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Smooth tutorial

What is Smooth-build

Smooth-build is a build automation tool (and its simple yet expressive language).

Building jar file with java application can be done in one line of Smooth code:

release.jar: files("src") | javac | jar ;

Once Smooth development reaches version 1.0 it will allow robust multithreading execution (possibly on multiple machines) of your build process without any extra configuration on your side.


Learning is much faster when you can experiment on the way. Therefore it is advised to install Smooth-build by following download / install documentation so you can try all examples from this tutorial yourself.

All examples used in this tutorial are available online as smooth-build-examples github project. You can checkout it as a git repository:

git clone

or download file if you do not have git installed.

Running build

Smooth uses "build.smooth" file located in your project's root directory as a description of project's build process. If you downloaded smooth-build-examples, note that it contains many exampleXX directories. Each is a separate project so each contains single "build.smooth" file.

To run build process enter directory "example01" and type "smooth build release.jar" (on Linux) or "smooth.bat build release.jar" (on Windows). If you installed smooth correctly and added it to your system PATH as advised by download / install you should get smooth running successfully with output equal to the one below:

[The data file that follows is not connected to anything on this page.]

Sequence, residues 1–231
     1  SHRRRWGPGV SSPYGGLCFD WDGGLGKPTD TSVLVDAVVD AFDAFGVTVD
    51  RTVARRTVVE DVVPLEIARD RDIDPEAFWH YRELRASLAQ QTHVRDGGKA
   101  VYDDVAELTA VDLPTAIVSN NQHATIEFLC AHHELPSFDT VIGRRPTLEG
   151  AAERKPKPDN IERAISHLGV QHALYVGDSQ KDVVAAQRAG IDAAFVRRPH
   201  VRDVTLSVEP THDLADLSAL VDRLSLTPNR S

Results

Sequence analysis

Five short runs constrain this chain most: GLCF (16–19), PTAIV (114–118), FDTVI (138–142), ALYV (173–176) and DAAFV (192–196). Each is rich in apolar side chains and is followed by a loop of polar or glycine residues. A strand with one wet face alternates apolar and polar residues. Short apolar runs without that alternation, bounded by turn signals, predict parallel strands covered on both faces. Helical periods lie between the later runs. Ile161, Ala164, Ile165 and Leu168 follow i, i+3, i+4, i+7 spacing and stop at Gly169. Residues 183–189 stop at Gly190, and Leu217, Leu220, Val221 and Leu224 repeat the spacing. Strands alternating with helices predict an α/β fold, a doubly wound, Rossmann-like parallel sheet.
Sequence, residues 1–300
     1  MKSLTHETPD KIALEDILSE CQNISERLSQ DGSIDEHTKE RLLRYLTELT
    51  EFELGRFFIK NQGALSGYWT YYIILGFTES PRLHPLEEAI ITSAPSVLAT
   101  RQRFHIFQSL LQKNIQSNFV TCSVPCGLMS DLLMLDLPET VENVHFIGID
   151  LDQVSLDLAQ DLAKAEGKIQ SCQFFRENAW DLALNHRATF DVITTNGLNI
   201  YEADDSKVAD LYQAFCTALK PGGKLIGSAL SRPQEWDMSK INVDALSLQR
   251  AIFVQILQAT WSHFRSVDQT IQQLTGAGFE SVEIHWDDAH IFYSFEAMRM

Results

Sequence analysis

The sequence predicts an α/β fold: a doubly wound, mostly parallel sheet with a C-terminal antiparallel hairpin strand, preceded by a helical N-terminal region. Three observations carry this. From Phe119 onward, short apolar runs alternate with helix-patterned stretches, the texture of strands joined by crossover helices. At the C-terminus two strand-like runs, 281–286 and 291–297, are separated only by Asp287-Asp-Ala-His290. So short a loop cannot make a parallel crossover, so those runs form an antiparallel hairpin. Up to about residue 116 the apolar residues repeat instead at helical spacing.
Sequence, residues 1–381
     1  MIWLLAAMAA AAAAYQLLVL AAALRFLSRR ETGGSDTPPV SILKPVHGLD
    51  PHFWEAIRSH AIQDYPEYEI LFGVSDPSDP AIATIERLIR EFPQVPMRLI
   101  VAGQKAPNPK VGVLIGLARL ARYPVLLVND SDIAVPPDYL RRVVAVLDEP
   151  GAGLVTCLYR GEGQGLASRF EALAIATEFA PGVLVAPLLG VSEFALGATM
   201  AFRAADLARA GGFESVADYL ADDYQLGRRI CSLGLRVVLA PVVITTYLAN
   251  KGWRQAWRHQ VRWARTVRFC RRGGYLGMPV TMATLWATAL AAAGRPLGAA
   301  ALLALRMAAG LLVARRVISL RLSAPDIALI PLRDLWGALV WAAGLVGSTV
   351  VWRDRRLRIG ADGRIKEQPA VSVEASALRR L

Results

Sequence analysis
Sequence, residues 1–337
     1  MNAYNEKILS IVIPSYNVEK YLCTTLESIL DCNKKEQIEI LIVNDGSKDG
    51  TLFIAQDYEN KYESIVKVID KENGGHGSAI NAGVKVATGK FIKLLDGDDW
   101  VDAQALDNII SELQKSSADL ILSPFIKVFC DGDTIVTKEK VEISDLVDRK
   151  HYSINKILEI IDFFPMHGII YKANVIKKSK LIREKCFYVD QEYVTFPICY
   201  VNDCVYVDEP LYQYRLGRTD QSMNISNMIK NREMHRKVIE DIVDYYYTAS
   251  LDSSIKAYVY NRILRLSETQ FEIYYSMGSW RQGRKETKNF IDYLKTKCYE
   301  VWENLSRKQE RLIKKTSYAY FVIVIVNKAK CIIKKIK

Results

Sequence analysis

$smooth build release.jar
 + files                                           [ line 2 ]
 + javac                                           [ line 2 ]
 + jar                                             [ line 2 ]

Function calls

Now let's take a look at build file we've just run from our first example (example01). Note you can click function names in each example to see detailed API documentation.

release.jar: files("src") | javac | jar ;

If you happen to know how pipes work in Linux shells it will be clear to you what this script does. It defines "release.jar" function that performs following tasks:

Note that you don't need to explicitly create directory for *.class files nor even mention it in build file. Smooth handles that automatically. All final results are stored inside ".smooth/results" directory. In that particular example file "release.jar" is created.